But now, we are looking to the courts to force Mountaingate and
the City of Los Angeles to comply with state law."

CALIFORNIA: Athletes Group Helps Jump-Start Aid Cap Suit v. NCAA
The Collegiate Athletes Coalition (CAC), a group formed by the
UCLA football team in 2001, said it helped bring forth a class
action against the National Collegiate Athletes Association
(NCAA).  According to a statement from the group, the lawsuit is
yet another chapter in the ongoing players' rights movement that
the group started over five years ago.

The CAC worked to secure plaintiffs for the lawsuit and gave
their lawyers background information about college sports and
the experience of the student-athlete, CAC said.

Although the CAC considered this lawsuit several years ago, it
stopped short because it believed it could reason with the NCAA.  
However, the NCAA [reportedly] refused to meet with the CAC, and
has moved much too slow on critical issues that affect student-
athletes.  The CAC decided to give this lawsuit the green light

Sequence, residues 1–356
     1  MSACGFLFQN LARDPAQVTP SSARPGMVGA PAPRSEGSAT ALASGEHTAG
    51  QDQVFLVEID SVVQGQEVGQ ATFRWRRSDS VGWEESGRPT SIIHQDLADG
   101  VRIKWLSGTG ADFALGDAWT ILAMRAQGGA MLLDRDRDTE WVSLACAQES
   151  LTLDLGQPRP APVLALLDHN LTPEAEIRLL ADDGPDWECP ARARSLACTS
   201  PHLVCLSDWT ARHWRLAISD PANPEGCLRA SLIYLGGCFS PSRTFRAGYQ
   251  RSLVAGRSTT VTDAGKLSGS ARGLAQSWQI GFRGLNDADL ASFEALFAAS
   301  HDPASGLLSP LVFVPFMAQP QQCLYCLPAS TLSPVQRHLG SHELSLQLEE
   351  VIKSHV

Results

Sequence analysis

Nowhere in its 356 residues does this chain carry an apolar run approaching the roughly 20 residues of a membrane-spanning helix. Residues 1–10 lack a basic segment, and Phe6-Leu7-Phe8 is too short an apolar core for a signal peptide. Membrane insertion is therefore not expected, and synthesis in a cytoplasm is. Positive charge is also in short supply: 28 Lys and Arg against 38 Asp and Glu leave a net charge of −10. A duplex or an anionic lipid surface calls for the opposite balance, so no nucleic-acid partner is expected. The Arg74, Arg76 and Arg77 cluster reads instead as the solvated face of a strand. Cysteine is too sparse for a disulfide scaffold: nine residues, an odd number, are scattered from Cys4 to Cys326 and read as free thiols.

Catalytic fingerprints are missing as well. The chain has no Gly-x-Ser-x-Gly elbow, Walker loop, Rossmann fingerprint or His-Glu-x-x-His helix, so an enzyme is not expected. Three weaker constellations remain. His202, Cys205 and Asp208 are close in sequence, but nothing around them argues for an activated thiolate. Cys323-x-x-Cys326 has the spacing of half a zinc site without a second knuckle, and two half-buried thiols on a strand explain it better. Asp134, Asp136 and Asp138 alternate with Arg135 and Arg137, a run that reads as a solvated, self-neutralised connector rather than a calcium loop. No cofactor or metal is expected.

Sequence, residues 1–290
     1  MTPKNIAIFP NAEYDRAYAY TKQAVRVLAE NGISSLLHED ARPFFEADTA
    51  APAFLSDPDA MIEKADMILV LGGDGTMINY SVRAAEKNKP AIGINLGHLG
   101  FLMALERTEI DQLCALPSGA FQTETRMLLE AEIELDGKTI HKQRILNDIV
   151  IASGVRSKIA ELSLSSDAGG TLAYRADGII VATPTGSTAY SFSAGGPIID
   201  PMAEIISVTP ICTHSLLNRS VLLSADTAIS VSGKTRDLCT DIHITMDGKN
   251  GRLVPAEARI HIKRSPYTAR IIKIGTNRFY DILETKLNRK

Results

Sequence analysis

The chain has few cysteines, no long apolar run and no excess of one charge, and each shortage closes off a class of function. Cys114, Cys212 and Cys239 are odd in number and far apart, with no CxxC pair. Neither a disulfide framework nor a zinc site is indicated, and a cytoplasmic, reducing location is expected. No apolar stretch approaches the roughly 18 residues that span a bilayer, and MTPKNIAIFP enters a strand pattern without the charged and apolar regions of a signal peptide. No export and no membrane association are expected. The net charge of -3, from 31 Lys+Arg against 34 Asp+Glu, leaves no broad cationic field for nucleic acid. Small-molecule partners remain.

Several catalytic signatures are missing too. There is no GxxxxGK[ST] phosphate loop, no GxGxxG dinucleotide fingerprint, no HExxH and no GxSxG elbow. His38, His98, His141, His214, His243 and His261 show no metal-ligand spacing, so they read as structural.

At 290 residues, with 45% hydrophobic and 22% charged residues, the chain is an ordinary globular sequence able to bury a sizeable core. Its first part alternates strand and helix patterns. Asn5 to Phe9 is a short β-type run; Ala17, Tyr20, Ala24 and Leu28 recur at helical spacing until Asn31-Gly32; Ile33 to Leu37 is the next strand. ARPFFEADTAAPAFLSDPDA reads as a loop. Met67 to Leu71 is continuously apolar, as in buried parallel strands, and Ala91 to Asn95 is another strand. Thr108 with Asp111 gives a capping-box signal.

only after years of being ignored by the NCAA.

"It's a shame that the NCAA has such little regard for the
protections of student-athletes that student-athletes have to
seek refuge via the legal system," stated Ryan Roques, the CAC
Director of Organizing.

The goal of the lawsuit is to increase the scholarship limit to
allow schools to provide funds for necessities such as
toothpaste, soap, and deodorant.  The lawsuit has been carefully
designed to preserve the current structure of college sports.  
It will not turn college athletes into professional athletes.

CAC founder and Chairman Ramogi Huma stated, "Student-athletes
are grateful for their opportunities.  However, they do not get
a 'free ride.' Football and basketball players pay for their
opportunities through rigorous year-round workouts and risking
and sustaining injuries while generating almost $4 billion per
year. They deserve to have basic protections."

Mr. Huma pointed out that there is more than enough new money
from the NCAA's $6 million TV contract to make sure that no
school has to pay for any increase in the scholarship amount.  
This would prevent any small school from being adversely
impacted and also not affect the competition for recruits.  In
addition, student-athletes from other sports would not lose

The CAC notes that 85% of student-athletes do not qualify for
the Pell Grant or the NCAA's Special Assistance Fund, and few